This is just a compilation of some of my bug-tastrophes. Maybe it will be of use to others fighting the battles.
Reader beware: bugs were killed in the learning process that is gardening. Methods of how to kill said bugs are also listed below. You have been warned.
My very first garden was amazing. I had so many baby plants just disappear over night it seemed. So many. I went to researching and realized I had an intense slug problem. I also learned that slugs come out really late at night….fast forward to one night where I set the alarm for 2 am. Chad was armed with a bucket of salt water and I had my handy garden shovel. We set out to fight the slimy battle. Did I mention that I am a lucky girl. How many husbands go out at 2am for a slug slaughter fest?! I mean, really?! I wasn’t quite sure what we would actually find, but oh lordy I was not prepared for the hundreds…literally…of slugs that graced my garden that night. One of them was 4 inches long. I kid you not. Google it. Or don’t Google it if you are easily petrified.
Slugs love cool, moist places. I had lined my garden with landscape timbers and rocks. Hello….perfect slug homes. Basically, I set up house for the slugs and planted their meals for them too. Go me. I had read that putting slugs in salt water would kill them, so that was our plan. But after throwing a few in there, it just seemed like it would be a terrible way to die. I had some pent up anger towards these slimy blobs anyway, so in the end I decided I would just smash them. I thought it was the more humane thing to do. Sounds kinda sketchy right now though. But anyways, it was a quick death. Thankfully at The Givens Grove slugs aren’t a huge problem.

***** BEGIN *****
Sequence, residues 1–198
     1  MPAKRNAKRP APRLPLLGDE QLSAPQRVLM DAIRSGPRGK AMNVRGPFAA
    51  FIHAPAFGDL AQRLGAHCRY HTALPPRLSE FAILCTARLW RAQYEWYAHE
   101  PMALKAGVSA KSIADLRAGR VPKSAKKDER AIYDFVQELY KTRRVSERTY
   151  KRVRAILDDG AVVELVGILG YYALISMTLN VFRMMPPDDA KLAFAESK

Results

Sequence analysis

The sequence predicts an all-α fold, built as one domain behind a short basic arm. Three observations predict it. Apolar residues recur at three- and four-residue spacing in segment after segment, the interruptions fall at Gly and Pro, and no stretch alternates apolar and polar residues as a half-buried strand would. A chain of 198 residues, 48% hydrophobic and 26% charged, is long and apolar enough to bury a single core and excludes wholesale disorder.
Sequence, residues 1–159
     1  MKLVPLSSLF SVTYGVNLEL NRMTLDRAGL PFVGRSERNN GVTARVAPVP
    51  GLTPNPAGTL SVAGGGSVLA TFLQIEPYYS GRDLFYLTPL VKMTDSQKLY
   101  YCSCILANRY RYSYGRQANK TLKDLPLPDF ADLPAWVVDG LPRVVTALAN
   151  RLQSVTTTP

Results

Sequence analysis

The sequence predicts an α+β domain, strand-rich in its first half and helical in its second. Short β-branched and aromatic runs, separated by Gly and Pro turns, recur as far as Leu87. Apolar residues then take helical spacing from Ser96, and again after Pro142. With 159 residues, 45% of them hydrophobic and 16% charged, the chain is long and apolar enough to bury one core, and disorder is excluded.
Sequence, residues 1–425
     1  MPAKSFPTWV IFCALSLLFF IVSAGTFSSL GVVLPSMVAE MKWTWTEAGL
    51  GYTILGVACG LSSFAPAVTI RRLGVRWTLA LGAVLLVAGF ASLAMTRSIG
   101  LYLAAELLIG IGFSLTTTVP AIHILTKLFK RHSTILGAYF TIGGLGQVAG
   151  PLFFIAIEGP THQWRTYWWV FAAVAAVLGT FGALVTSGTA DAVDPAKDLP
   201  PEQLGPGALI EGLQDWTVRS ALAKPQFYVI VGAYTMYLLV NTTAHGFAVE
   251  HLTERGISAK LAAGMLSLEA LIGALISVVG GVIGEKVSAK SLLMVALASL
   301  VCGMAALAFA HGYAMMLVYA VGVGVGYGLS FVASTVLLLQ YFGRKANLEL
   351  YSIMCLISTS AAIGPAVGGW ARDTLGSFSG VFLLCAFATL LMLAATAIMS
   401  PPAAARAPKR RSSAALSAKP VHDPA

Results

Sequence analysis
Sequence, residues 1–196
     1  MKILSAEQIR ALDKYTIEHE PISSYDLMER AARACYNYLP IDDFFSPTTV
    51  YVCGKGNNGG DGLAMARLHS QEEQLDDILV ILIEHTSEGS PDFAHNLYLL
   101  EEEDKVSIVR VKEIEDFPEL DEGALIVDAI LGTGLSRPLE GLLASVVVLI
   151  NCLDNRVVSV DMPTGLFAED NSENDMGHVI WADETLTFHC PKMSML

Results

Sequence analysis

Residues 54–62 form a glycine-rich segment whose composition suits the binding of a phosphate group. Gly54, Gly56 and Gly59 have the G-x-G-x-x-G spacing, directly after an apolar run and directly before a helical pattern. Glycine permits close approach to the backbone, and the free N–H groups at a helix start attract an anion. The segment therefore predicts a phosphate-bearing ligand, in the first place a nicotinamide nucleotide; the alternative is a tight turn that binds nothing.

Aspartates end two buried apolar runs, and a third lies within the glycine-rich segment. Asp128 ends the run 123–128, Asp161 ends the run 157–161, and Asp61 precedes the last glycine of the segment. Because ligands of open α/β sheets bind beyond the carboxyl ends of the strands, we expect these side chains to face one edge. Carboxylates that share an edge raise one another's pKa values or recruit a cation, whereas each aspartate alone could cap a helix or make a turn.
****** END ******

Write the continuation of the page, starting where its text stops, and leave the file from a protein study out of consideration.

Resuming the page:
Oh how I loathe you. Your ability to multiply into the billions over night is ridiculous. Alright, it might take a week to multiply to that many, but still. Adult squash bugs look very similar to stink bugs but can be several different colors. Basically their only reason to exist is to suck the life out of your squash/zucchini plant leaves. Without leaves the plants obviously die. Squash bugs are sneaky. You don’t realize you have them until you have a massive infestation. This is in part due to the fact that they generally lay their eggs on the underside of the leaves. The eggs are super tiny little orange pods. I would try to pick them off and smash them but a few would always fall to the ground, where they will still hatch. I had read about a trick using scotch tape. It was so easy I would have Alli, then three years old, help. You just use the tape kinda like a lint roller, to pull the eggs off. I would then fold the tape over so the eggs were sealed inside. I handed it over to Alli, who gladly smashed the eggs. No mess to deal with.
The best form of controlling squash bug populations is killing all the eggs and constantly checking for new clutches. Now that I have had several years of dealing with squash bugs, I am always checking over my plants looking for the tell tale eggs. The nymphs and adults are much harder to catch and kill. A couple years ago I tried letting my chickens in to deal with a major overpopulation of them and they could have cared less. So much for using chickens as pest control.
Green Bean Aphids: